America's forever standoff
On the 17th day of the government shutdown, the leaders of both parties took to the airwaves to make their case to the American public. The big takeaway from all three brief speeches is that neither side has budged an inch since day one. That does not bode well for day 18, day 19, and maybe even day 100.
Let's stipulate to the small areas of common ground. President Trump professed his love of country; so did Nancy Pelosi and Chuck Schumer. All three expressed concern for federal workers at agencies impacted by the shutdown, who will miss their first paycheck this week. All three also agreed on the need to secure national borders.
And … that's about where any common ground ends. Trump asked for eight minutes of airtime on Tuesday to make the case for the border wall, insisting that it is a necessary and critical component for border security. The amount of drugs and human trafficking that crosses the frontier with Mexico has reached crisis proportions, he argued, and that the savings from reducing or eliminating that flow would pay for the wall itself. "This is the cycle of human suffering that I am determined to end," Trump declared. He then accused Democrats of holding federal employees hostage to prevent him from solving the border-security problem.
Nonsense, scoffed Pelosi and Schumer. "President Trump has chosen to hold hostage critical services for the health, safety, and well-being of the American people," Pelosi shot back in her response. Pelosi accused Trump of "manufacturing a crisis," asserting that the money would be better spent on "innovation" and personnel rather than barriers. Schumer retorted that "the symbol of America should be the Statue of Liberty, not a 30-foot wall." Both demanded Trump's signature on a funding bill without money for his proposed wall.
In other words, everyone spent the better part of a half-hour repeating the arguments made during the previous 17 days. These are the same arguments that have been made over the nearly four years since Trump launched his presidential bid in mid-2015 with a border wall as the campaign's central policy. And in large part, they're the same arguments we've heard on this issue since Congress first authorized — but didn't fully fund — a barrier system in 2006.
Frankly, we would have learned as much watching whatever version of NCIS was pre-empted by the speeches.
During his speech, Trump asserted that "the situation could be solved in a 45-minute meeting," but the two speeches make it clear that neither side has been willing to give an inch over this issue. (Just look at what happened when they actually tried meeting.) They have dug trenches that lie $5 billion apart. One side won't give a dime, and the other won't take a dime less. If the previous two years of posturing are any indication, this standoff can't be "solved" in 45 days, or maybe even 45 weeks.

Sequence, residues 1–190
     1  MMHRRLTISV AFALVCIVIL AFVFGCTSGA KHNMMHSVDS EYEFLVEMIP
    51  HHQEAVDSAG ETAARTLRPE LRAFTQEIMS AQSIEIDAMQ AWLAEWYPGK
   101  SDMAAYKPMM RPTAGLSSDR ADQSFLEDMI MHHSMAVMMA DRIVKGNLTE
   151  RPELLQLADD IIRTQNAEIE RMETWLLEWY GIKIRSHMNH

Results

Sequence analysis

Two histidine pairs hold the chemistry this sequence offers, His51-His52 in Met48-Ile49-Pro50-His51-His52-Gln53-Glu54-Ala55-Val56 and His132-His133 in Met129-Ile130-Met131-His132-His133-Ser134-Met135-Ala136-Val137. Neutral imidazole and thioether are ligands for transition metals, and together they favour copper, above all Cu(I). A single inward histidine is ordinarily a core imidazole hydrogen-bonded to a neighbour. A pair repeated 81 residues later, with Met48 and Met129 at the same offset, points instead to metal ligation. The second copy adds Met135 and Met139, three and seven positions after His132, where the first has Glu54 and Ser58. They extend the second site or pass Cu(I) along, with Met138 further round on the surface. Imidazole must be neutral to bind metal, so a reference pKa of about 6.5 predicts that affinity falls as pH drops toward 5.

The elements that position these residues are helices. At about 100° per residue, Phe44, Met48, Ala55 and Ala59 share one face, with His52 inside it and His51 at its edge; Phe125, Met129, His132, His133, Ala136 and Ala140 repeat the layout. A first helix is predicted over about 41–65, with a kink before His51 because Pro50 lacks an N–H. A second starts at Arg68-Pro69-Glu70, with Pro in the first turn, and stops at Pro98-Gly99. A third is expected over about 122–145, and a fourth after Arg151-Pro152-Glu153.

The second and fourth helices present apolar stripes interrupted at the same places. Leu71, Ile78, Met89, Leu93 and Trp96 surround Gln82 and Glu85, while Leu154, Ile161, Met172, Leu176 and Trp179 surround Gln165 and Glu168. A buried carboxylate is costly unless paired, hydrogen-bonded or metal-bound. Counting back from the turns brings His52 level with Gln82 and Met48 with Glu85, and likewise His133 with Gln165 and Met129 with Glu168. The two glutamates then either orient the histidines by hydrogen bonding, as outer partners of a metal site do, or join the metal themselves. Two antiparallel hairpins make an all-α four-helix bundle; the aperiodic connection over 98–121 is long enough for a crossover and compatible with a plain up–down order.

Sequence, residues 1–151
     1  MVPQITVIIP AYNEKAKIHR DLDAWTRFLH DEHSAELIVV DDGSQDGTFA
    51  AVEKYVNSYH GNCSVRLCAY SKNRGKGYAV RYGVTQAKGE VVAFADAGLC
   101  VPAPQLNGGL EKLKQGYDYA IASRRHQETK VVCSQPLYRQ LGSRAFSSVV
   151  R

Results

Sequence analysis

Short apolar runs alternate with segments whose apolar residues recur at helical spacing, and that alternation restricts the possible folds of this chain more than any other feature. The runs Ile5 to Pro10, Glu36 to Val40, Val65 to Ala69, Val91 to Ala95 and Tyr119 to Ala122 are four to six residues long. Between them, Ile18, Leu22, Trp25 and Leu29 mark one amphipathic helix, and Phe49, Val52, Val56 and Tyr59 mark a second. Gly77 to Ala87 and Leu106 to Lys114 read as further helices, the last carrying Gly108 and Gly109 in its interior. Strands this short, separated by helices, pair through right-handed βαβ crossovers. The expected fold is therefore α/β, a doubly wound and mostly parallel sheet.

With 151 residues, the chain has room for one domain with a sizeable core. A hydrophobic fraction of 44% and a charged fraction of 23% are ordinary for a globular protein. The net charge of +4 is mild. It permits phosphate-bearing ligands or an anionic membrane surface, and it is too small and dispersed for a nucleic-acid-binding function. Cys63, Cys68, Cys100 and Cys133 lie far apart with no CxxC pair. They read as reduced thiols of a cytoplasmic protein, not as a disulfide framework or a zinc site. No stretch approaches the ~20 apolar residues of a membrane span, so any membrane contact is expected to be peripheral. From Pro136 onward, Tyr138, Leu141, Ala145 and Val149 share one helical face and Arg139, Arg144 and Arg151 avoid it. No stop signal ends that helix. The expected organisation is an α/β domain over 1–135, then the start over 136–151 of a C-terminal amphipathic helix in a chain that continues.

A year ago, a solution seemed ready to emerge when the shutdown shoe was on the other foot. Schumer forced that standoff over the Deferred Action for Childhood Arrivals (DACA) program, as it appeared the courts might intervene to allow Trump to shut it down. Talks began on trading a statutory version of DACA in exchange for more robust funding for a border-barrier system, along with asylum and visa policy changes. Schumer had to cave on the shutdown when it became apparent it wouldn't work, but the courts then punted on DACA for the short term, taking the pressure off Democrats to save it.
Without that pressure, they have no incentive to make a deal that includes border-wall funding. In fact, the midterm election results appear to give Pelosi a mandate to confront Trump across the board, especially on the border wall. Trump himself added to that perception by making border security his top message in the midterms, which ended up falling flat. If Pelosi is seen to give Trump what he wants on the wall without some dramatic concessions in return, she'll face a revolt among the rank and file as well as the progressive activists that aren't entirely thrilled with her leadership anyway. And after all the high drama of an 18-day shutdown, DACA won't be a big enough concession.
What about Trump? He has no incentive to back down either. He will have no chance at all at getting border-wall funding in the next two budget cycles if he retreats now. Trump might believe that he has no chance of winning re-election if he caves to Pelosi and Schumer on his central policy, and he may well be right. Trump is also dropping hints that he may use a declaration of emergency to use funds at the Pentagon to build the wall. If Trump sees that as a realistic option — it has significant legal hurdles but isn't entirely impossible — then he has no incentive to cross no-man's-land either.
At this point, none of the party leaders appear to have any interest in compromise, nor do they have any incentives to make a deal. The rank and file in Congress might, however, as more and more disruption occurs from the partial shutdown. Federal employees who don't get their paychecks won't spend money, creating secondary and tertiary effects in their communities. Those employees whose functions are critical will start finding ways not to show up for work. If that starts happening at TSA, it could create widespread chaos in air travel with even more economic impacts, starting with the airlines themselves. When that reaches critical mass, enough political pressure will come to bear on Capitol Hill to craft funding authorizations with veto-proof majorities.
That might end a shutdown, but it won't end the standoff on border security. That saga will continue as the perpetual standoff in American politics, no matter how this shutdown ends.